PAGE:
RIPET is the first of four propane export terminals proposed for Canada's west coast. Pembina Pipeline Corporation (Pembina) is currently building the Prince Rupert Export Terminal on Watson Island in British Columbia, with exports expected to begin in the second half of 2020. In February 2020, Pembina announced plans to expand the Watson Island facility to have greater export capacity. The expanded terminal is expected to be in service mid-2023. The other two terminals, a second terminal on Ridley Island proposed by Royal Vopak, and Pacific Traverse Energy's terminal at Kitimat, British Columbia, may come online in 2022. As the west coast of Canada is the closest location for LPG terminals to Asia, and given the construction of LPG terminals there, there is an opportunity for western Canadian propane producers to diversify their market access to Asia, a premium market for propane.
Demand from Asia accounts for 45 percent of the world's LPG consumption, with China being the largest LPG importer. Since 2010, as a result of the shale boom, the US has become the world's leading exporter of LPGs, with most shipments bound for China, India and Japan. Sixty percent of the LPGs imported into Asia are consumed by residential and commercial customers for cooking and heating, but the manufacturing sector is also a significant importer of LPGs. In 2019, LPGs from the US accounted for 37 percent of Asia's total imports, and 70 percent of the LPGs imported into Asia consisted of propane. Most of the US's propane exports depart from the Gulf coast, and reach Asia via the Panama Canal, but for one propane export facility on the west coast in Ferndale, Washington that is operated by Petrogas Energy Corp.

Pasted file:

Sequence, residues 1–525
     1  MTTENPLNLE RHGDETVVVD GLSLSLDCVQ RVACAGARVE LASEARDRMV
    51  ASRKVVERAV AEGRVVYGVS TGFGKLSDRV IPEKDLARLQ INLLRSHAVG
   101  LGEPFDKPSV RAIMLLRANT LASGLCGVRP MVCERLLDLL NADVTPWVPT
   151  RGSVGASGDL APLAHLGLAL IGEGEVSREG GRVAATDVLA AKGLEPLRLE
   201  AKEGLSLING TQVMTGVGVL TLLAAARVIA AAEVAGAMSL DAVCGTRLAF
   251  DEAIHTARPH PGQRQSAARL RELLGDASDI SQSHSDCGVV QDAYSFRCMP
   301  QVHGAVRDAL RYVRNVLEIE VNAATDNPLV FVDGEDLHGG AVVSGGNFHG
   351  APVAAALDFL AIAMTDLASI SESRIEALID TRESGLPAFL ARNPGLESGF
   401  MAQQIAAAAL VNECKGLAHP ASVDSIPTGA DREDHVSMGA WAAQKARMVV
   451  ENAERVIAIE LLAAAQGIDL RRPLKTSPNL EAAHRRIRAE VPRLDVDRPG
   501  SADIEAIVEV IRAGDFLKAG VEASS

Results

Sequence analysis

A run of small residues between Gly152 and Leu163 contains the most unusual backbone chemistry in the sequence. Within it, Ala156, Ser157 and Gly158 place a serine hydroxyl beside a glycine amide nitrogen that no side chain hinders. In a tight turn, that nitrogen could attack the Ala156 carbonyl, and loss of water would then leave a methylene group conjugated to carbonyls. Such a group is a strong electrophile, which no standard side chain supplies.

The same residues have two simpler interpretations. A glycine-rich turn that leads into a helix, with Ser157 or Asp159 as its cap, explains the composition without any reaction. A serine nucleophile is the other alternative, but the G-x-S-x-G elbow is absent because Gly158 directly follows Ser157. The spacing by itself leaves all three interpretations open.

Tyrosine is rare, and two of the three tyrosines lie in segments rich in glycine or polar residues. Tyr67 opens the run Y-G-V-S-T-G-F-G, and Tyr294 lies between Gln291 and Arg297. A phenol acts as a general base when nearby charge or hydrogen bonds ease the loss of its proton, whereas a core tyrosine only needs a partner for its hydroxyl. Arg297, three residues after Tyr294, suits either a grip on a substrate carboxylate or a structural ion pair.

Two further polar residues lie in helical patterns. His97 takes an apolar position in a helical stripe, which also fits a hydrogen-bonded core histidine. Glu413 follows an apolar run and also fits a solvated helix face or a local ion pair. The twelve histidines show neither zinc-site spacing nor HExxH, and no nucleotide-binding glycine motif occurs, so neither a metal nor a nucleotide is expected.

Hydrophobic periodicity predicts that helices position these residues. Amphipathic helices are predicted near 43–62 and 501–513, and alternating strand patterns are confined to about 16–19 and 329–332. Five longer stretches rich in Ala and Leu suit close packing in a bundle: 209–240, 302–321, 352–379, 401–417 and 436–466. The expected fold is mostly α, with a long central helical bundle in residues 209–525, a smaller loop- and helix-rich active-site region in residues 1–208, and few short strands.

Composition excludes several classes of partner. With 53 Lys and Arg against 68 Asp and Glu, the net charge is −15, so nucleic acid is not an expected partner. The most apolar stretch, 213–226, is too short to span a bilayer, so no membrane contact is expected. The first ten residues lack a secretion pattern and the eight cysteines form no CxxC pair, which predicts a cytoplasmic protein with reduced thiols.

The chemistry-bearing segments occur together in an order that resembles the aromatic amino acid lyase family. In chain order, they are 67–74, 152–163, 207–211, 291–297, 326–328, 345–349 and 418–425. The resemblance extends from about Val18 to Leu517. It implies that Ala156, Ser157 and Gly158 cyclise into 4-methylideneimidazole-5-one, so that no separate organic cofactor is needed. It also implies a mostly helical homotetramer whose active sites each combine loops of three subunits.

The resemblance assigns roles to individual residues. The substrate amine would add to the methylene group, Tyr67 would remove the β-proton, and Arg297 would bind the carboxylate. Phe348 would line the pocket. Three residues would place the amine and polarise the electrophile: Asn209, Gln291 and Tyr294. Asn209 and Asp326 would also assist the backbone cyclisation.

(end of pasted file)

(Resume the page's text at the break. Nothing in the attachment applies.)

A shipment of LPGs from the west coast of North America takes 10 days to make a Pacific crossing, whereas shipments from the US's Gulf Coast take 25 days to reach Asian ports. Ocean freight to Asia from British Columbia costs much less than from the Gulf Coast and via the Panama Canal. Furthermore, considering the US's and China's ongoing trade disputes, Chinese buyers may become more interested in buying Canadian LPGs through which they could enjoy cheaper freight rates due to the shorter distance across the Pacific.
Supporting the growth of Canada's petrochemical industry
The growth and development of Alberta's petrochemical industry was supported by the abundance of ethane as a feedstock for the production of ethylene and polyethylene, the world's most popular form of plastic. Today, with a view toward a cleaner, greener economy, polypropylene, which uses propane as its feedstock, is a widely used plastic, preferred for its durability and its recyclability. Polypropylene is an element of many common goods, including consumer packaging, automobile parts, medical equipment, currency and textiles. Canada has never produced or exported polypropylene, but with an abundance of supply and relatively low prices, two propane dehydrogenation plants and polypropylene upgrading facilities are under construction, which when in-service, will allow Canada to process domestic propane and participate in the global polypropylene market. Notably, polypropylene ships in the form of plastic pellets, which are inert and can be transported alongside other products in generic shipping containers. One multi-purpose rail car used to transport polypropylene beads could replace nearly two specialised rail cars currently used to transport propane, thus creating additional rail capacity for substances that require pressurised cars.